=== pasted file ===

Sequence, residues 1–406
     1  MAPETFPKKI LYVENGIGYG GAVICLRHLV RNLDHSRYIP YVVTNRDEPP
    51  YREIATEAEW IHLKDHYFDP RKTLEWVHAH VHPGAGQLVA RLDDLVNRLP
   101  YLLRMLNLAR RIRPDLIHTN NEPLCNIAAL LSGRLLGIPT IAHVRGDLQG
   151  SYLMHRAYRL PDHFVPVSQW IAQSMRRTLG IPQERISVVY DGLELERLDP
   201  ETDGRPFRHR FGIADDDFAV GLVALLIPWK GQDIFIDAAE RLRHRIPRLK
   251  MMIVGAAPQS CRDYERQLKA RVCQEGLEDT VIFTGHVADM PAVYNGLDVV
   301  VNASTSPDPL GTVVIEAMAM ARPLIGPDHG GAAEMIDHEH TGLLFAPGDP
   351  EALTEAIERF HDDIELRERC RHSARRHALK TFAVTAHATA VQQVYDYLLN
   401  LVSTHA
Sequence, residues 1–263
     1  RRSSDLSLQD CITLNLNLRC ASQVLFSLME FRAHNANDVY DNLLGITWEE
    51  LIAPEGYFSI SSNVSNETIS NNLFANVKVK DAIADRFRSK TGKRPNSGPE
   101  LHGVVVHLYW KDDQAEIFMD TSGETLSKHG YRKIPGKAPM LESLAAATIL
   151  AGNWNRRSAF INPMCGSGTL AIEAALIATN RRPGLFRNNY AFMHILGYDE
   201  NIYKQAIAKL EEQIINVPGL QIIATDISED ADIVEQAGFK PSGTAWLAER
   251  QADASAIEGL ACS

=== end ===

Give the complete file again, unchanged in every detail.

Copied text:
Sequence, residues 1–406
     1  MAPETFPKKI LYVENGIGYG GAVICLRHLV RNLDHSRYIP YVVTNRDEPP
    51  YREIATEAEW IHLKDHYFDP RKTLEWVHAH VHPGAGQLVA RLDDLVNRLP
   101  YLLRMLNLAR RIRPDLIHTN NEPLCNIAAL LSGRLLGIPT IAHVRGDLQG
   151  SYLMHRAYRL PDHFVPVSQW IAQSMRRTLG IPQERISVVY DGLELERLDP
   201  ETDGRPFRHR FGIADDDFAV GLVALLIPWK GQDIFIDAAE RLRHRIPRLK
   251  MMIVGAAPQS CRDYERQLKA RVCQEGLEDT VIFTGHVADM PAVYNGLDVV
   301  VNASTSPDPL GTVVIEAMAM ARPLIGPDHG GAAEMIDHEH TGLLFAPGDP
   351  EALTEAIERF HDDIELRERC RHSARRHALK TFAVTAHATA VQQVYDYLLN
   401  LVSTHA
Sequence, residues 1–263
     1  RRSSDLSLQD CITLNLNLRC ASQVLFSLME FRAHNANDVY DNLLGITWEE
    51  LIAPEGYFSI SSNVSNETIS NNLFANVKVK DAIADRFRSK TGKRPNSGPE
   101  LHGVVVHLYW KDDQAEIFMD TSGETLSKHG YRKIPGKAPM LESLAAATIL
   151  AGNWNRRSAF INPMCGSGTL AIEAALIATN RRPGLFRNNY AFMHILGYDE
   201  NIYKQAIAKL EEQIINVPGL QIIATDISED ADIVEQAGFK PSGTAWLAER
   251  QADASAIEGL ACS